Fay resigned from the Board of Trade in a printed circular letter dated 14 Nov. 1864. But he was not without defenders among his fellow businessmen. George B. Carhart, president of the New York and New Haven Railroad Company, wrote to Fay that his critics were “fanatics,” and abolitionist Amos Adams Lawrence also sent him an optimistic letter of support.
Joseph Story Fay was no stranger to controversy. He had lived in Savanna, Georgia, during the antebellum years and often sparred with newspaper editors there. He’d once had to refute public accusations that he was an abolitionist. (Not only wasn’t he an abolitionist, he was a slave owner!) In the case of the Woods Hole flagpole, he never wavered or apologized. As he declared in his circular letter:
I trust I shall never live to be recreant to my opposition to wrong acts, for it is above party or politics. […] I feel that I have a right to mourn over any submission to such violations of personal liberty as brought on our war for Independence. What is our nationality, unless that is its spirit? For what are we fighting to-day?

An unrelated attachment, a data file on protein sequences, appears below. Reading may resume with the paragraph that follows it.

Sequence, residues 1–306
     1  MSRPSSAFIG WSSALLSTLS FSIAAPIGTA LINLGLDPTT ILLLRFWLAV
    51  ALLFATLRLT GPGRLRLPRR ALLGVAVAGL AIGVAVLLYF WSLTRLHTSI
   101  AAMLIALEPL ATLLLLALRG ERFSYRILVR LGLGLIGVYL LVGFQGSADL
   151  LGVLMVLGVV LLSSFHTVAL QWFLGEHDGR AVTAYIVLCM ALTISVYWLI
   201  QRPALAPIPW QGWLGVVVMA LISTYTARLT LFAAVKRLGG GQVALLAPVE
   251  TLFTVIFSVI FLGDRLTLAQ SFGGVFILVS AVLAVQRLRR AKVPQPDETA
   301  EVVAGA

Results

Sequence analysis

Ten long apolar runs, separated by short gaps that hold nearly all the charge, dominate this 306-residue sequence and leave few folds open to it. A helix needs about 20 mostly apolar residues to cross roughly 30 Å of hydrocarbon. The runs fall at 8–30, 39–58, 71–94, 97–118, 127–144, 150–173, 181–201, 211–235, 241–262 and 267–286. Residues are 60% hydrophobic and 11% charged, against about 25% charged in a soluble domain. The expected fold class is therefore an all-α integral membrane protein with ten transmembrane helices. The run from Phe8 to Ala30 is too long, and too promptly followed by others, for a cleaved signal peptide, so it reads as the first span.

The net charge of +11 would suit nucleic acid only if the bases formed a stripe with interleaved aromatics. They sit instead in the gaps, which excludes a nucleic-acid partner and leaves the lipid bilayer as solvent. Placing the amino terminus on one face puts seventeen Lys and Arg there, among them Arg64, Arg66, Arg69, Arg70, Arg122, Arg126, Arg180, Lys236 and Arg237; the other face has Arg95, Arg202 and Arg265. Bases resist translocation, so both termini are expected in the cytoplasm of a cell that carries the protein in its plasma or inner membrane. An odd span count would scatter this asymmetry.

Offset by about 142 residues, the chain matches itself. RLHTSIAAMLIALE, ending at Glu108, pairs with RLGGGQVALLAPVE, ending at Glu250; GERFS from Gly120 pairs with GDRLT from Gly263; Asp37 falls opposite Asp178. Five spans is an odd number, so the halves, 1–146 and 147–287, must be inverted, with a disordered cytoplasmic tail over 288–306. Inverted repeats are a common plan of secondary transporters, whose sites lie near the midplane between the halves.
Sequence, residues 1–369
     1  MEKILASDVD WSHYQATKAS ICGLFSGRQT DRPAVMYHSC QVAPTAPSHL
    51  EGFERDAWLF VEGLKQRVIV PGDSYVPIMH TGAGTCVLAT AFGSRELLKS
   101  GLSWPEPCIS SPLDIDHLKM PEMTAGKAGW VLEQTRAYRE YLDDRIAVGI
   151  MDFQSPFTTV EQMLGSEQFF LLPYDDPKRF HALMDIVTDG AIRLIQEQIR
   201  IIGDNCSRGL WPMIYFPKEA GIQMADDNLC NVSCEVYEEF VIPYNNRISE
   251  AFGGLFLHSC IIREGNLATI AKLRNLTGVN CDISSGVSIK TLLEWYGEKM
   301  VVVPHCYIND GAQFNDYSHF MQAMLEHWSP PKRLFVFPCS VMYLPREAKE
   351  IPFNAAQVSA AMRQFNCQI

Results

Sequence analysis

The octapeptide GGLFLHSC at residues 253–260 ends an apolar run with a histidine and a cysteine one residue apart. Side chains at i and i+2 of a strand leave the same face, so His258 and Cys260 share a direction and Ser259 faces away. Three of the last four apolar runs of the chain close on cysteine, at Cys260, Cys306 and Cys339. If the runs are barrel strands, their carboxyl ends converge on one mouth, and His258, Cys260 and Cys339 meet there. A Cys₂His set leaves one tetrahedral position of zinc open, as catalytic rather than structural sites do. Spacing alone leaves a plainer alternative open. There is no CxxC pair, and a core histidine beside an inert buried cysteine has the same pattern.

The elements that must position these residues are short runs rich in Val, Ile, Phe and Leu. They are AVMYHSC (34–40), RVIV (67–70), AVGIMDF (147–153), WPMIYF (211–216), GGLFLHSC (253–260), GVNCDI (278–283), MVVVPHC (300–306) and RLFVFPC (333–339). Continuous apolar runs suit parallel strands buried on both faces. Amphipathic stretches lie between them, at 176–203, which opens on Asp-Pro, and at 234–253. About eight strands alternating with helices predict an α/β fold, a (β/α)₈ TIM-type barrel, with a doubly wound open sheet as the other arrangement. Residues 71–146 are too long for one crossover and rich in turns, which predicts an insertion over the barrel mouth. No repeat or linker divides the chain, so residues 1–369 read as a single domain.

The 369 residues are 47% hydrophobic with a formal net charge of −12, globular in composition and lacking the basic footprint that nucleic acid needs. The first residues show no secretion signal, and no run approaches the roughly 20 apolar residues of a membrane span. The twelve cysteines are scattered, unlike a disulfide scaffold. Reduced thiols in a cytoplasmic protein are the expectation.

Joseph Story Fay’s papers form part of the Fay-Mixter papers at the MHS.
| Published: Wednesday, 8 July, 2015, 1:00 AM
Stills and Strikes: Policing in Early-Twentieth Century Boston
By Brendan Kieran, Reader Services
For my first blog post for the Beehive, I decided to look beyond the major political and social names to see what the collections here could tell me about life for “everyday” people in Massachusetts. In my search, I came across the Robert E. Grant Diaries. These diaries, kept, between 1901 and 1930 by a Boston police officer, provide opportunities for research into a variety of events and developments that took place in the city during those decades, such as the Sacco and Vanzetti trial and executions. While Grant’s entries are usually brief and direct, they chronicle the career of a person who spent three decades experiencing urban life at the ground level. As such, they could be of potential interest to a variety of researchers studying early-twentieth century urban history.